Hamlet by William Shakespeare
a kate west review
directed by Brianna Lee Johnson
a Tall Blonde Productions and Hollywood Forever Production
at Hollywood Forever Cemetery, 6000 Santa Monica Blvd., Hollywood, CA 90038
running June 22 - July 29, 2007, most Fridays and Saturdays
contact http://shakespeareinthecemetery.com/; tix $20; free parking
Primarily the resting place of a host of late celebrities, the Hollywood Forever Cemetery also houses an outdoor summer film hot spot (http://www.cinespia.org). And now apparently it also offers up Shakespeare in the Park, or rather, in the Cemetery, the latest production being "Hamlet". "Hamlet", of course, is the famous Shakespearean play in which the late Danish King's son Hamlet spends five acts agonizing over how to avenge his father's death and rescue his mother from the clutches of her new husband, Hamlet's uncle, the cowardly villain responsible for murdering his father. For the two people who haven't seen or read about it, everyone ends up dead in the end and then the new order takes over and cleans up the town. And there are a lot of fun duels, scorned love and family angst in between.
In this production, Director Brianna Lee Johnson sets up the outdoor scene with some pre-show vignettes of Danish life in 1300 A.D. Various actors weave in and around the set, (complete with a stone pond), and although slightly annoying in its seeming aimlessness, it fits in more or less with the park atmosphere. The play finally opens (late) with the royal guards (Stephen Steelman, John Pick, etc.) establishing that the late King's ghost has been appearing mysteriously about Elsinore. After the play's initial build up, the subsequent appearance of the Ghost (Derek Long) is slightly disappointing, as the actor is a bit stiff, so to speak. In fact, the majority of the actors rush their lines, paying little heed to the subtle nuances of the Bard's poetic language.
A blond and earnest Dean Chekvala plays Hamlet, heir to the Denmark throne. He's not terrible, but suffers from the same superficiality as the rest of the cast, giving equal measure to each line and not delving into context. Also, it is often difficult to hear him, due to his tendency to rush. The plot unfolds fairly quickly; Hamlet swears vengeance on his uncle and tortures his long-suffering love, Ophelia (Sarah Utterback, of television's "Grey's Anatomy"). She also merely skims the surface of the role, indicating rather than portraying genuine emotion, especially in the "Get thee to a Nunnery" scene where Hamlet cruelly spurns her. Granted, that particular night, three raccoons came out of hiding and played in the pond, right in the front of the action, so the audience was distracted. Without animals, however, the actors still don't fully hold our attention.
Hamlet decides to begin acting mad, in order to confuse his family, begging the age old question of whether or not he's faking or actually becomes mad. The famous "To Be or Not To Be" speech supposedly conveys his unwillingness to take action and his frank reflections of death, but again, Chekvala rushes it, so it is virtually missed. The evil uncle, Claudius (York Griffith, also stiff), conspires with his new wife Gertrude (played with uninspiring shallowness by Katherine Brandt, also co-producer) to discover Hamlet's true character motivations. Things escalate until Hamlet is finally spurned to action, but kills the wrong man, murdering Polonious, his sweetheart's bumbling innocent old father.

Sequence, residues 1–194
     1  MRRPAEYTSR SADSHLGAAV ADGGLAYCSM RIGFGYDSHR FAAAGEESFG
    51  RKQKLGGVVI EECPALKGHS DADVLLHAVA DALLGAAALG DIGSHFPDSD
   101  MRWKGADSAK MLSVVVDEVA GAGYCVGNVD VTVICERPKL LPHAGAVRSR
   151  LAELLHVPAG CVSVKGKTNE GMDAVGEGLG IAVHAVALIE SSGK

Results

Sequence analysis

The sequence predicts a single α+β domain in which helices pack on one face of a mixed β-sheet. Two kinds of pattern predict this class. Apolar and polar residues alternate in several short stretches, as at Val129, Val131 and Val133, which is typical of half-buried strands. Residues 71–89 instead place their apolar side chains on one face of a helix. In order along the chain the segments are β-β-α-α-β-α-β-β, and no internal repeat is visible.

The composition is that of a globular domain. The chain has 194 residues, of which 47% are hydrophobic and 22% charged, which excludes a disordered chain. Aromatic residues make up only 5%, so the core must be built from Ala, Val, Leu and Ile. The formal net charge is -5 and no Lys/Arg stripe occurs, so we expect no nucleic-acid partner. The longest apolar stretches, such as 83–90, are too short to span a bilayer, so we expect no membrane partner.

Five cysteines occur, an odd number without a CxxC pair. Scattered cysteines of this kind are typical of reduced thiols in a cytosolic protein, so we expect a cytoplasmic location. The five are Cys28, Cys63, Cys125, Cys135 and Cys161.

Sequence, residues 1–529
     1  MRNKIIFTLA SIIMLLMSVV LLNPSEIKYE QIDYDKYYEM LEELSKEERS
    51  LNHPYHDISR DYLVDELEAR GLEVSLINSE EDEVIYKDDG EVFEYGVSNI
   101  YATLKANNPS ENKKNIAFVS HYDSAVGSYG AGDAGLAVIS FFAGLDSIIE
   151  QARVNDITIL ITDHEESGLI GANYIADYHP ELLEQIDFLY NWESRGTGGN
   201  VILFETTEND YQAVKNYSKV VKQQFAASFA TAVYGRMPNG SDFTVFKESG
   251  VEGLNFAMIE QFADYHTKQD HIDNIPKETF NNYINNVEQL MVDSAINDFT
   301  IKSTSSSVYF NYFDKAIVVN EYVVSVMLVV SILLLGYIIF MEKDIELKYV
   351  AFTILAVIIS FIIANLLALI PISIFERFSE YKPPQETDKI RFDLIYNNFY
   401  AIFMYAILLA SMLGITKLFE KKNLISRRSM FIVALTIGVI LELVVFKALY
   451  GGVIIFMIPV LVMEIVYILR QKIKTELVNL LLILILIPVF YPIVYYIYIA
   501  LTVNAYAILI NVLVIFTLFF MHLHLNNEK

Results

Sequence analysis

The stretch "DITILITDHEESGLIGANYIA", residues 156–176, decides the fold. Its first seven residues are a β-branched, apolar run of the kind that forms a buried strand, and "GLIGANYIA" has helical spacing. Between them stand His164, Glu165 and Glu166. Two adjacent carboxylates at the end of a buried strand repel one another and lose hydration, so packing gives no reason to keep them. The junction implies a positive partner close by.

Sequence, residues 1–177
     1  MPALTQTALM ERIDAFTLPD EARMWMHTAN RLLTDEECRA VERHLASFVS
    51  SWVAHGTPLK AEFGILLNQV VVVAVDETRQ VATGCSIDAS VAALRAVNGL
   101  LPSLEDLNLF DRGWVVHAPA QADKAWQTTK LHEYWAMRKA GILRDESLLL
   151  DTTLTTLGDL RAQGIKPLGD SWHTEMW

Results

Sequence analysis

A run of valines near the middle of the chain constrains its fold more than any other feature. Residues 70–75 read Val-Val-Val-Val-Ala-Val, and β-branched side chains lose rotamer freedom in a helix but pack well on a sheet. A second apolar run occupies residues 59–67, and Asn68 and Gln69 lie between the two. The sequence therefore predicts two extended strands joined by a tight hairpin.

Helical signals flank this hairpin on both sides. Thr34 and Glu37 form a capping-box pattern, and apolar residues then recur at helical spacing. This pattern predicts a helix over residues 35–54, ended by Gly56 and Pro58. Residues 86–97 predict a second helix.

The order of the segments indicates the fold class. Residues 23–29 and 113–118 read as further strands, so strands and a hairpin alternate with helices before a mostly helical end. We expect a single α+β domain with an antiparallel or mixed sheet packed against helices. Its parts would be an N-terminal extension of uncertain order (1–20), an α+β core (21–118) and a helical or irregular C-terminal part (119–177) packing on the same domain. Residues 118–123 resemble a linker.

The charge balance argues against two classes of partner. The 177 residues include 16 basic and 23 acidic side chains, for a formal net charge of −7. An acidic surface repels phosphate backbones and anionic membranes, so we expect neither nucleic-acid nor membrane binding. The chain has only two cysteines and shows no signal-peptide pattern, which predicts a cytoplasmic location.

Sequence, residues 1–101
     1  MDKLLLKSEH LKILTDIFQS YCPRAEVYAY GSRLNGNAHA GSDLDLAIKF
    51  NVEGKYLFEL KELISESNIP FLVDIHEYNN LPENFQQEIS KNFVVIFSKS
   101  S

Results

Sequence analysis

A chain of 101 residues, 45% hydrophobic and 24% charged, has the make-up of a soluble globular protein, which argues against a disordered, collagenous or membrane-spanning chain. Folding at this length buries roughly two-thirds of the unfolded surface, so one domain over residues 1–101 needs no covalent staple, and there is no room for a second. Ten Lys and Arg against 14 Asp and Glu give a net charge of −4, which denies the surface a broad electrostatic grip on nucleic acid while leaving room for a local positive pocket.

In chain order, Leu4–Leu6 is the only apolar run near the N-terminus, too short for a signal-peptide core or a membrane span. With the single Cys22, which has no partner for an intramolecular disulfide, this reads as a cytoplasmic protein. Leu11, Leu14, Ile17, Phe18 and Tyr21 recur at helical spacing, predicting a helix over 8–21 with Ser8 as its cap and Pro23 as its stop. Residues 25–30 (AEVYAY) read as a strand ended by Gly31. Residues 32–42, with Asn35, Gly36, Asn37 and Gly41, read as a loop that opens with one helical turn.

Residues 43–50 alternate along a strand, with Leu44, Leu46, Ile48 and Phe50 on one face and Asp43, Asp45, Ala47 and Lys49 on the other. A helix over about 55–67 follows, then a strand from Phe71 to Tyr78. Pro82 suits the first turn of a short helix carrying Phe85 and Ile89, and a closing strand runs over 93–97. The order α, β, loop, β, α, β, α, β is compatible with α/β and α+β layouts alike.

To sum up briefly, Laertes (Zach Alden) returns from school abroad to avenge his sister's suicide and father's murder, Gertrude repents her hasty marriage much too late, Claudius is finally murdered, Gertrude poisoned and Laertes stabbed, after confessing the poison conspiracy to Hamlet, who naturally dies soon after.
Apparently her first foray into Bardland, the director really needed to push her actors more, especially since they expend so much energy projecting outdoors that all subtlety is lost. The sole actor who understands Shakespearean language at all is Sean Sellars, who plays Polonius, father to Ophelia and Laertes. His is a multi-dimensional, researched character, which provided much-needed, although brief comic relief. It is puzzling as to why Johnson cast a younger actor made up to look older, rather than just an older actor, however Sellars makes the part his own, and is a definite audience pleaser.
This must remain an unofficial review, however, since this reviewer did not stay past intermission. It may have very well turned into brilliance in the end, but it is highly doubtful. Although, there was a real pond for Ophelia to drown in and a real crypt for the actors to be backlit against. The actors did have a nice procession to it in the beginning. They had already demonstrated focusing action off to the side wall and elsewhere on the lawn. The Players who come in to act out Hamlet's pre-planned accusations, for instance, played against that wall, but then it was a bit difficult to look behind you and then back to the front of the stage. Everything seemed too far apart for comfort. But that was the least of the production's problems.
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Hamlet by William Shakespeare